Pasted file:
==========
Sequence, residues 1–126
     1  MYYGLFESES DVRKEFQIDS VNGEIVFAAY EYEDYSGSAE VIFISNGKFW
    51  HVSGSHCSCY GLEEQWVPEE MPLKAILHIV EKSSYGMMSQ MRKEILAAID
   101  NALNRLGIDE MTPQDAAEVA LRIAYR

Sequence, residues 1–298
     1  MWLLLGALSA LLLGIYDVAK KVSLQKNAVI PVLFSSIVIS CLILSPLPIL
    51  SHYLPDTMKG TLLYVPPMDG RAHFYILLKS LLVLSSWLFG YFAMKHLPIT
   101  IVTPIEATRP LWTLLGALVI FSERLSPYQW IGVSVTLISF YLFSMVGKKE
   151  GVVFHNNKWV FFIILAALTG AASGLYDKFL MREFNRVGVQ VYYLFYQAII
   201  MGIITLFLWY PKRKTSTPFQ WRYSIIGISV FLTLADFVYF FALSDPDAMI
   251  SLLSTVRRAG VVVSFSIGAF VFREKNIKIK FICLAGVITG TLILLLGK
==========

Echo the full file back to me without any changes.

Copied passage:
Sequence, residues 1–126
     1  MYYGLFESES DVRKEFQIDS VNGEIVFAAY EYEDYSGSAE VIFISNGKFW
    51  HVSGSHCSCY GLEEQWVPEE MPLKAILHIV EKSSYGMMSQ MRKEILAAID
   101  NALNRLGIDE MTPQDAAEVA LRIAYR

Sequence, residues 1–298
     1  MWLLLGALSA LLLGIYDVAK KVSLQKNAVI PVLFSSIVIS CLILSPLPIL
    51  SHYLPDTMKG TLLYVPPMDG RAHFYILLKS LLVLSSWLFG YFAMKHLPIT
   101  IVTPIEATRP LWTLLGALVI FSERLSPYQW IGVSVTLISF YLFSMVGKKE
   151  GVVFHNNKWV FFIILAALTG AASGLYDKFL MREFNRVGVQ VYYLFYQAII
   201  MGIITLFLWY PKRKTSTPFQ WRYSIIGISV FLTLADFVYF FALSDPDAMI
   251  SLLSTVRRAG VVVSFSIGAF VFREKNIKIK FICLAGVITG TLILLLGK